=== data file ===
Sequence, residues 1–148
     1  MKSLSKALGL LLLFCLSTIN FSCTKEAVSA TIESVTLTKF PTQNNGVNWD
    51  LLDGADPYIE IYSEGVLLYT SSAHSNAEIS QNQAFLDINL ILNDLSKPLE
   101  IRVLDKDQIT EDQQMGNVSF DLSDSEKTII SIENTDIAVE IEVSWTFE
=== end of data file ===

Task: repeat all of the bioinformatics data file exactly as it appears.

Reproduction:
Sequence, residues 1–148
     1  MKSLSKALGL LLLFCLSTIN FSCTKEAVSA TIESVTLTKF PTQNNGVNWD
    51  LLDGADPYIE IYSEGVLLYT SSAHSNAEIS QNQAFLDINL ILNDLSKPLE
   101  IRVLDKDQIT EDQQMGNVSF DLSDSEKTII SIENTDIAVE IEVSWTFE